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State Turns Back Investigation Regarding Gravel Purchases

The Roosevelt County attorney has been informed that Montana’s Division of Criminal Investigation will not investigate whether Roosevelt County Commissioner Duane Nygaard had a conflict of interest when he voted in favor of gravel purchases over several years.

The letter from the Division of Criminal Investigation to county attorney Frank Piocos notes ongoing agent caseload as the reason for not taking on the investigation.

“Agent assignments have been dedicated to crimes against person(s) which has unfortunately caused a shortage of investigative resources,” the letter reads.

DCI major case supervisor John Sullivan recommended in the letter that Piocos contacts a neighboring law enforcement agency to inquire if they would assist with an investigation.

The information provided by a group of area taxpayers reflects that Nygaard approved the county purchasing gravel from CoPay Inc., even though Nygaard or his family members were involved with CoPay Inc.

According to the information researched by the taxpayers based on county records, a friend of Nygaard’s obtained the warranty deed for lot S3 T27N R47E SE 1/4 on Sept. 15, 2015. The document was not recorded in the clerk and recorder’s office until July 3, 2019. On Sept. 16, 2015, an agreement to sell gravel was signed by her and the county’s road foreman Ken Norgaard. The agreement included a lease for a minimum of three years. The county approved a check for $25,000 to her in December 2015. She then sold the warranty deed to the children of Nygaard, on Sept. 28, 2015.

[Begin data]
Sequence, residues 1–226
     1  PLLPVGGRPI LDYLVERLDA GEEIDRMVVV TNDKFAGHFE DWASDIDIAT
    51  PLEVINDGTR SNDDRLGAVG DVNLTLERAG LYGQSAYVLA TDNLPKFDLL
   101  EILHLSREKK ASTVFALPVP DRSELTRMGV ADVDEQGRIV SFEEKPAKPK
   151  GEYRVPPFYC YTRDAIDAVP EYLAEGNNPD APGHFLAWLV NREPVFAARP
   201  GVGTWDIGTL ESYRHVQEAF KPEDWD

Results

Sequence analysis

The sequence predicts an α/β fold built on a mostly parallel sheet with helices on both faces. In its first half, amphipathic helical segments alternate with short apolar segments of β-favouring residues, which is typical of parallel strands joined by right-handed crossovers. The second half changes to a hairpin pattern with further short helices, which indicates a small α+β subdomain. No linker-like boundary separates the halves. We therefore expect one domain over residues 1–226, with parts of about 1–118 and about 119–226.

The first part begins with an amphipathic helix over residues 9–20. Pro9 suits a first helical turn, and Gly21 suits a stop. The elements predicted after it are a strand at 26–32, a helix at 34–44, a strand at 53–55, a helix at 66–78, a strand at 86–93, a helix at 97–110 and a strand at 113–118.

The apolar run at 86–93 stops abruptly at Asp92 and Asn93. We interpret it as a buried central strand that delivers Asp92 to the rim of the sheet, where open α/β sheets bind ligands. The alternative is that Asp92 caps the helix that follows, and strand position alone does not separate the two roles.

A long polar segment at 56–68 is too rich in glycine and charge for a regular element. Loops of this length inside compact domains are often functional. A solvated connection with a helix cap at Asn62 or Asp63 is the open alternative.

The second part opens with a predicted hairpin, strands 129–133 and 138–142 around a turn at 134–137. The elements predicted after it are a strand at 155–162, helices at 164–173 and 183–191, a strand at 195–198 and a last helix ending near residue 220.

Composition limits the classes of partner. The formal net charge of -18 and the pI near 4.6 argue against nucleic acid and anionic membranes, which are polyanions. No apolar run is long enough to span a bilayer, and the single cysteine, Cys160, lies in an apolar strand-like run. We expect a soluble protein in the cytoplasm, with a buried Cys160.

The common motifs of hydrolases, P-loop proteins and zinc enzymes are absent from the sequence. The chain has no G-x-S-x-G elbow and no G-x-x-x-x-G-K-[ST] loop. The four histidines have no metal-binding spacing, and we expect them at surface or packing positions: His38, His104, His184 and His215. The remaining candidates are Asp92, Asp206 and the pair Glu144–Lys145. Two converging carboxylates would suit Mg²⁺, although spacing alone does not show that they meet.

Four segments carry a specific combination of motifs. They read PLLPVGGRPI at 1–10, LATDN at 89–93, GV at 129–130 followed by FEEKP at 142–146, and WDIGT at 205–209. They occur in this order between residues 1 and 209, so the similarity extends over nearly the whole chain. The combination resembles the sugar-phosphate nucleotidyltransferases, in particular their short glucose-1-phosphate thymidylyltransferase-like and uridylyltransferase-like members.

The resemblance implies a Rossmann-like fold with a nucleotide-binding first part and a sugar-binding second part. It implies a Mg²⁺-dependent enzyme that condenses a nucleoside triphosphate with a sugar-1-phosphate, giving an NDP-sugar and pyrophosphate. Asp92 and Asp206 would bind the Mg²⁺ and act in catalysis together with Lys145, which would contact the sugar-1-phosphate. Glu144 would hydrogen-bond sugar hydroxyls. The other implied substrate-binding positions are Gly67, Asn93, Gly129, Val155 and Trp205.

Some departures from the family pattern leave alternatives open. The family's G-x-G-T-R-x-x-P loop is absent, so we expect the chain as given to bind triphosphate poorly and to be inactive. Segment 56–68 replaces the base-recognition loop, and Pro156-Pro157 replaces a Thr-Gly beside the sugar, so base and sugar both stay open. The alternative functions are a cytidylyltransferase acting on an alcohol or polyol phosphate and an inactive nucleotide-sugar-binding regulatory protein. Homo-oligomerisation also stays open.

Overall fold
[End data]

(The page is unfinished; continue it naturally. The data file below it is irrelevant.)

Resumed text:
Payments from the county to CoPay have included $25,000 on Nov. 25, 2016; $31,212.50 on March 26, 2017; and $27,695 on June 23, 2017. The June 23, 2017, check was deposited and endorsed by Nygaard. There was a $25,000 check to CoPay on March 21, 2019. That check was also deposited and endorsed by Nygaard.

Of those four checks, Nygaard was one of the commissioners who signed off on the claim on three of the checks. He said he regrets signing those claims, but he explained that commissioners stamp a large amount of claims every month and don’t always review each one. When projects cost less than $80,000, department heads don’t need commissioners’ approval as long as the funds are in the department’s budget based on state law.

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